How does Nix solve the problem of “five versus eight” in the secondary? With a pristine anticipation throw. Traeshon Holden runs a deep dig route working from the left side of the field, and this is the route Nix targets. But with two threats looming — the underneath linebacker in the middle of the field and the hook/curl defender squatting on the numbers — there is almost no margin for error on this throw.


This is one of those plays that certainly benefit from some “screen-shot scouting.” Let’s first look at the sideline view of when Nix starts to throw:

You can see two threats Nix has to navigate, first in the form of the defender squatting on the midfield logo, and then the hook/curl defender squatting on the numbers to the right side of the field. Nix has a lane to throw the dig route, between those two defenders, but he has to be almost perfect. If he waits to throw this, he will bring the defender on the numbers into play.

But throw this too early, and the defender in the middle of the field is going to be a problem.

Nix then puts this throw on Holden, giving him a chance to catch and cradle as the outside defender breaks on the pass. Holden does the rest, turning this into a 63-yard TD.

But it starts with Nix and his ability to solve problems.

While these examples find Nix making throws deeper downfield, sometimes as a quarterback problem solving happens closer to the line of scrimmage. On this play against Washington State, the Cougars show Nix two deep safeties before the play. But right ahead of the snap running back Bucky Irving goes in motion, and a linebacker trails him. That gives Nix a clue that the Cougars might be in man coverage.

It is true that Washington State is doing something unexpected, but the Cougars have a few more tricks up their sleeve. As they spin into single-high coverage, they also bring a slot blitz from the right side of the offense.

No matter. Nix gets his eyes to the slant route, replacing the blitz with the ball. The problem? A slot blitz from a rotating secondary. The solution? A quick throw to replace that blitz with the football:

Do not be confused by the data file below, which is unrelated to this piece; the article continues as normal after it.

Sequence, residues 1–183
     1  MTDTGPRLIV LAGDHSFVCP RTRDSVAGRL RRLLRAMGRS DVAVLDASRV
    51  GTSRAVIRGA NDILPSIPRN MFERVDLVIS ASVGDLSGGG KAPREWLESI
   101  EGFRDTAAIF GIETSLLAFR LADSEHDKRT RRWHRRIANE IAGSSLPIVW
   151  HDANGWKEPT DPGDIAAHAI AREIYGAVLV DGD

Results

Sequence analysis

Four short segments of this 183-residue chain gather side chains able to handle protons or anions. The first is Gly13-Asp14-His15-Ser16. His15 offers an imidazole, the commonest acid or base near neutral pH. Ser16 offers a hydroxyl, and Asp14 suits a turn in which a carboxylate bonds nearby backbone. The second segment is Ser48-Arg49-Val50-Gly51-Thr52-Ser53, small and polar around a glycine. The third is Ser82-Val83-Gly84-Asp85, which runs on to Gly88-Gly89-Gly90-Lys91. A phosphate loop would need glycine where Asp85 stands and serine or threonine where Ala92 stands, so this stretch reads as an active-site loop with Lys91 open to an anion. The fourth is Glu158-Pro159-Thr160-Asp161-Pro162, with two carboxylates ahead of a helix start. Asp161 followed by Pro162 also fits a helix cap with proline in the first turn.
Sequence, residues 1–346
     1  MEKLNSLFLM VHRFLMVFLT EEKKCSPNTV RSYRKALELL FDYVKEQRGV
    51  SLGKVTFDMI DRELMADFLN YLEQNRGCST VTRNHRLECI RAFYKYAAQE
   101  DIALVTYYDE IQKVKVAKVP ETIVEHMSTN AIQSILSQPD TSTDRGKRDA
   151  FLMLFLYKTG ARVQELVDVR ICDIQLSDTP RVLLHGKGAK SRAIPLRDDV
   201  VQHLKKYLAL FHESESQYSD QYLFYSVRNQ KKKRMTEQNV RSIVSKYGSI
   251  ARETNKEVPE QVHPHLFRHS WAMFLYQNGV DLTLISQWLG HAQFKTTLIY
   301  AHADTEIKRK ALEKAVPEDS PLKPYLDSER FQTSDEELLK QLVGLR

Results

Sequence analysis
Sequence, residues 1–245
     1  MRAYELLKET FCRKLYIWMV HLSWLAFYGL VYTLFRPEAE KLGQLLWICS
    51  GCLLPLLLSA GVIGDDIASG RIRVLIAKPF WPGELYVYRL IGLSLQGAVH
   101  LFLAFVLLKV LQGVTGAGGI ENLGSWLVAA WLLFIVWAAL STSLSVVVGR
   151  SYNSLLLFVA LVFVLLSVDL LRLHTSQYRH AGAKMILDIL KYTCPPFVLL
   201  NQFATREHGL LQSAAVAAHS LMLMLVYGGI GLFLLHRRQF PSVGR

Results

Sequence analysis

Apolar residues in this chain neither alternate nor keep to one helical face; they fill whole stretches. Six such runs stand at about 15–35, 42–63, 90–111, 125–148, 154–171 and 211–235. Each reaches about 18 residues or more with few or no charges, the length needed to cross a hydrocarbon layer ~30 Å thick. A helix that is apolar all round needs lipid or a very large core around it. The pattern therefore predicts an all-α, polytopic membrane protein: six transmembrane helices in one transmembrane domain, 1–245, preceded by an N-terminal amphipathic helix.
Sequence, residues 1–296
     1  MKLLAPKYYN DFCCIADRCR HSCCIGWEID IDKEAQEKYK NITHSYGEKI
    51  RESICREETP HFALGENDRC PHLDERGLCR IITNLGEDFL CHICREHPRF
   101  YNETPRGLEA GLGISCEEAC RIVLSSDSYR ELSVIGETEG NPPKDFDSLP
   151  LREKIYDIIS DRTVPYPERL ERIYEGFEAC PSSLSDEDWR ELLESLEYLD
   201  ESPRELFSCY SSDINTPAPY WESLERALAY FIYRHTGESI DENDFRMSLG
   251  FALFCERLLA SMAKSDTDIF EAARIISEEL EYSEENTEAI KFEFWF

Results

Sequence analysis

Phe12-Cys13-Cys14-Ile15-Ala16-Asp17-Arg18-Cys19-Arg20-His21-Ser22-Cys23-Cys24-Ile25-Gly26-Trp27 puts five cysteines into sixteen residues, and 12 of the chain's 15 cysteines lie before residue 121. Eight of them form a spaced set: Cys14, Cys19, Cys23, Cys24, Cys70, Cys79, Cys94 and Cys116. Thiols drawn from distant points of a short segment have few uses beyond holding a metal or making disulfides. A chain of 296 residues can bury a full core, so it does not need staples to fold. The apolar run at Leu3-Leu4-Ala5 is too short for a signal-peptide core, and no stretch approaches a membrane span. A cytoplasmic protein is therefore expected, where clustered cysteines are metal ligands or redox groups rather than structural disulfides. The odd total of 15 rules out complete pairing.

The next play is another personal favorite from Nix, but before diving into the example we can discuss a bit of a foundational concept. The play in question comes from Oregon’s second game against Washington, and tasks Nix with reading out a three-level flood concept to the right side of the field.

A play that typically looks something like this example from Oregon’s game against California:

On this example, the running back releases to the flat, one receiver (the receiver in motion) gets to the outside and then runs vertically, while the other receiver runs the deep out route. The running back serves as the low read, pulling defenders towards the line of scrimmage, while the vertical route stretches the defense deep, with the goal opening up the deep out/sail route:

That is exactly what happens on this play.

Now, let’s turn to the example of this concept against Washington. This time, the Huskies are ready. The setup from the offense is a bit different, with the tight end coming in motion from the outside to set the edge, but the three routes are the same: A running back to the flat, a vertical route from one receiver, and the deep out route from another.

But look at the coverage as Nix sets in the pocket:

The Huskies have this covered, and there is a defender on the outside — standing on the 35-yard line — just waiting for Johnson’s out route. So how will Nix solve this problem?

By throwing Johnson back towards the middle of the field, which is largely open:

This is such a great example of experience, and high-level problem solving, from Nix. Something that will certainly endear him to NFL coaches.

Finally, when all else fails Nix can, like others in this class, solve some problems with athleticism. Watch as he spins out of pressure against USC, and creates a big play:

Nix may be viewed as a QB in the second tier of passers in this draft class, behind Caleb Williams, Drake Maye, Jayden Daniels, and J.J. McCarthy. But with sentiment growing that the 2024 NFL Draft could see six QBs in the first round — with Nix and fellow Pac-12 passer Michael Penix Jr. joining those four on Thursday night — how well Nix could translate to the NFL becomes a bigger question.

But it is his ability to solve problems, with his mind as much as with his athleticism, that will endear him to the NFL.